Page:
There is an absolute need today for the authorities to take action against the unruly elements of the Bangladesh Chhatra League. There is little question that in recent times, these elements have taken clear and full advantage of their parent organisation, the Awami League, being in power and have created the perfect conditions for the ruling party to find itself in an embarrassing straitjacket. Reports which have lately come in from Dhaka University leave little doubt as to how far the BCL has strayed from the original principles upon which it was founded in the late 1940s and the noble and historic role many of its former leaders have played in the struggle for Bangladesh's freedom.
When it is Chhatra League elements who pounce on an innocent photographer and his two nieces on the campus, for no particular reason, and leave them badly mauled, it is a whole country which hangs its head low in shame. The shame takes on a deeper hue when we note the authorities, especially at Dhaka University, taking slow and ineffectual action against the perpetrators of the misdeed. What happened on 5 November near Shahidullah Hall is but a small hint of the many despicable acts the BCL cadres have been committing with impunity on the DU campus as also at other educational institutions. These acts have put this reputed students' organisation to shame. And, worse, they have caused huge embarrassment to the ruling Awami League, which must now find a way of dealing --- and dealing harshly --- with an organisation that today gives all the signs of an outfit engaged in anything and everything but the welfare of students. The frenzy with which the BCL has gone into the tender business, the outrageous way in which it has sought to establish its control over university halls and indeed over universities in general are a portent of the deeper darkness that may yet be in store for the country --- unless action is taken and a leash is put on the organisation.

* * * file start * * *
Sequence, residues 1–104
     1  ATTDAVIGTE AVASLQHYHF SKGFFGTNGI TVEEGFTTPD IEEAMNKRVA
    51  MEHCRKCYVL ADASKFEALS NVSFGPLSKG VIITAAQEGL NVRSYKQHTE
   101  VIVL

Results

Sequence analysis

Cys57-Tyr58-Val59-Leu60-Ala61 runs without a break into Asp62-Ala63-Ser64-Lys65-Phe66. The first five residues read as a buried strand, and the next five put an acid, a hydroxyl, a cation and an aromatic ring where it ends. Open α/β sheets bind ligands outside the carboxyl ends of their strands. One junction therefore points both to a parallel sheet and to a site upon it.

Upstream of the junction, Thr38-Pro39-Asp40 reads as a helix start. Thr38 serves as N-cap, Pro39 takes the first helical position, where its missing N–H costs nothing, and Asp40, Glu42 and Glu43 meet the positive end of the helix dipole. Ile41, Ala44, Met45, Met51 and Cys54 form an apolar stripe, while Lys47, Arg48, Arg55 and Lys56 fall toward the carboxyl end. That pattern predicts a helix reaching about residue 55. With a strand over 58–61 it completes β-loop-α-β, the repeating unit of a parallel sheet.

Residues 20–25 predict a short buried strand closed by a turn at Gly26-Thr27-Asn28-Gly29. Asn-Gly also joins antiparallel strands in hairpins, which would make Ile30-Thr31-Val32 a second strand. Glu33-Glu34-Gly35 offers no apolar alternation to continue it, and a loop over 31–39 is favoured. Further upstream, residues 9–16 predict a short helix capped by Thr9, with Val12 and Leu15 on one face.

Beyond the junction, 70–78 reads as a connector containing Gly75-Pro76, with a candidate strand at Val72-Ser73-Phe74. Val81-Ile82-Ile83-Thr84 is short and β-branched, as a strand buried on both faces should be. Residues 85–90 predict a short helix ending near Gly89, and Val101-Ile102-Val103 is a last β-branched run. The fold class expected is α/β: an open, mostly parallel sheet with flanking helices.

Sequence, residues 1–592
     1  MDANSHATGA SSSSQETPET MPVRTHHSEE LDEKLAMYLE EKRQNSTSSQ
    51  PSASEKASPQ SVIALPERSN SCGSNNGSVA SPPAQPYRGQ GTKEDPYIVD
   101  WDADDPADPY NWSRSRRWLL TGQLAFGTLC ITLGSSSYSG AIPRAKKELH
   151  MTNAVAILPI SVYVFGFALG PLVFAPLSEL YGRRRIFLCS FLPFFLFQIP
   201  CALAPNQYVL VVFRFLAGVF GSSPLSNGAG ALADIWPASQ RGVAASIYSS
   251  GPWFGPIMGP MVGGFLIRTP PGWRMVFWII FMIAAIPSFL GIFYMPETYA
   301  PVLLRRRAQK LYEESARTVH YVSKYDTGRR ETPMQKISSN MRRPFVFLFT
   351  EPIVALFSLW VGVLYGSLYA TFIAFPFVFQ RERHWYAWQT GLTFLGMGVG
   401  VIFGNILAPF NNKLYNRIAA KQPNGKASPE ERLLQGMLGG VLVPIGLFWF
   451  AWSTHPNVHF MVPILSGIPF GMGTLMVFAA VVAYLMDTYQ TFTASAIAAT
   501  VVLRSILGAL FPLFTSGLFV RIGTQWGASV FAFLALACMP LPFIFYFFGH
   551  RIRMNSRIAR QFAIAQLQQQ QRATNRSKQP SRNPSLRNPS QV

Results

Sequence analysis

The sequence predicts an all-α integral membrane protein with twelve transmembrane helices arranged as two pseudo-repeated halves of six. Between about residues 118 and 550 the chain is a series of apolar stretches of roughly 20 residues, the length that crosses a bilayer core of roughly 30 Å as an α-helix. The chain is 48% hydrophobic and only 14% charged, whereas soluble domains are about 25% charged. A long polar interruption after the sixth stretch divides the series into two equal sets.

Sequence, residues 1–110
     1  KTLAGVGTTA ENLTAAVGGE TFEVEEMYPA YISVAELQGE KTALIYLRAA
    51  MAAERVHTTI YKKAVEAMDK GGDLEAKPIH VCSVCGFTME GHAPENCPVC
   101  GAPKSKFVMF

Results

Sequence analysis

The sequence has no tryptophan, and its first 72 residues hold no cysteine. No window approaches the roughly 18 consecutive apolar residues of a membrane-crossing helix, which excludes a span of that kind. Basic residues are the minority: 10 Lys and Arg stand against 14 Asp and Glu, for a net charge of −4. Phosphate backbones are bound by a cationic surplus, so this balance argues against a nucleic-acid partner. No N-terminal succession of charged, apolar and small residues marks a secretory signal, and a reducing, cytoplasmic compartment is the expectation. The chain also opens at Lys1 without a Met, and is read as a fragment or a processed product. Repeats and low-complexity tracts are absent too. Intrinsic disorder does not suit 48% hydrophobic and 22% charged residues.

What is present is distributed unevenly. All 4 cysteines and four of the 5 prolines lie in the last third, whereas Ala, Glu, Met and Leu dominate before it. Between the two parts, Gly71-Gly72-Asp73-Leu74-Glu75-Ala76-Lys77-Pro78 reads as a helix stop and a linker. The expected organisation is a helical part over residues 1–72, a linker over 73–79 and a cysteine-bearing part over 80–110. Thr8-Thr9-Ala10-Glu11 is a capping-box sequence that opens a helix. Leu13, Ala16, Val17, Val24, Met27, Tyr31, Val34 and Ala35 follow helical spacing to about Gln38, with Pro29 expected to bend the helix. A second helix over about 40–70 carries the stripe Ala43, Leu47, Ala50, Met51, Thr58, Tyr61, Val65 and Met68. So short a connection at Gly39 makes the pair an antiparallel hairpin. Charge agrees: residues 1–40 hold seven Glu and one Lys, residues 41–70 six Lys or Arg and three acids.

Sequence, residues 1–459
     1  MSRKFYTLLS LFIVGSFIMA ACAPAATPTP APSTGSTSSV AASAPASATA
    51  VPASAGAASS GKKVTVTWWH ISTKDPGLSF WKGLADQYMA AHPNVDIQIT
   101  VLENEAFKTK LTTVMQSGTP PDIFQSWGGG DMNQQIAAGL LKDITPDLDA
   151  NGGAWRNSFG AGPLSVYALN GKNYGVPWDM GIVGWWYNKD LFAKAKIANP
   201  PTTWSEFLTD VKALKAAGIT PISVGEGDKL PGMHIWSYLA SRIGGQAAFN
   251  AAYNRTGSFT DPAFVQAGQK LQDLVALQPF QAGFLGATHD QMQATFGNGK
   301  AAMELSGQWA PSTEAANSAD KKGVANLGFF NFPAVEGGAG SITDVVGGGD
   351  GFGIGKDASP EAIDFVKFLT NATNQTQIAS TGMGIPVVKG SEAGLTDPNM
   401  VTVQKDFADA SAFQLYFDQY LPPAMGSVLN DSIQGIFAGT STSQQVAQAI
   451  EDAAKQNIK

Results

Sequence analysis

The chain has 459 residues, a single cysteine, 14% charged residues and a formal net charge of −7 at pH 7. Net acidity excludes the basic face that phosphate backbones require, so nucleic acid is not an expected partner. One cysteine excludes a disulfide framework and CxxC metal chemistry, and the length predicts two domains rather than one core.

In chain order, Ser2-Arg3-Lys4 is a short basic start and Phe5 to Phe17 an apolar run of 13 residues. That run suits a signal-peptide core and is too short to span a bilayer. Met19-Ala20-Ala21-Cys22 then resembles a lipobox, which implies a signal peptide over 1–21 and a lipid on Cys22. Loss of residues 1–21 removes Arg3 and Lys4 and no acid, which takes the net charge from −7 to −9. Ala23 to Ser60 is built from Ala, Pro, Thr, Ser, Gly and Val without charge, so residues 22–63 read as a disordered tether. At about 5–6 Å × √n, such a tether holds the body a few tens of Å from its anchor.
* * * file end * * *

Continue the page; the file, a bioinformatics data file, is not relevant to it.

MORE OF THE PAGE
There is hardly any point in arguing that students' organisations affiliated to other political parties are involved in similar questionable acts. That will be a bad defence of a bad situation. In the present circumstances, the most pressing task before the authorities is to take serious note of the damage the wayward elements of the BCL have been causing the government as well as the welfare of students in general and go for swift action under the law of the land. The disturbing perception grows that the ruling party is reluctant to act against its own. That is a feeling that can only undermine the government. And unless the government is willing to be accused of blatant partisanship here, it must rise to the occasion and convince the country and particularly the students' community all across Bangladesh that it means business and that it is capable of dealing with criminality no matter where the roots of such criminality lie. Only when the black sheep of the BCL are dealt with can the authorities stake a legitimate and proper claim to cracking down on other student bodies that are creating havoc on the nation's campuses. The concept of maintaining or restoring order always begins at home. Let that concept be placed into implementation mode, here and now.
The rich heritage of the Chhatra League remains a poignant part of national history. It was there through the 1950s, a shield against all manner of governmental repression in the Pakistan era. In 1962, it was a vocal presence in the protest movement against the Education Report underwritten by the Ayub Khan regime. During the Mass Upsurge of 1969, the Chhatra League demonstrated conclusively that it was in step with the movement for autonomy through bringing the Eleven Point movement of the students in line with the Six Points of the Awami League. It was Chhatra League leader Tofail Ahmed, today a veteran politician, who first bestowed the honorific of Bangabandhu on Sheikh Mujibur Rahman in February 1969. The glorious role of the Chhatra League in the War of Liberation is a matter of record.
Must all that glory prove fleeting, or be forgotten, through the clear decline the Chhatra League in these present times is going through? The BCL did not come into existence on the back of military rule, as did some other student bodies in the times of Field Marshal Ayub Khan, General Ziaur Rahman and General Hussein Muhammad Ershad. Why must it then engage in acts that militate against democracy?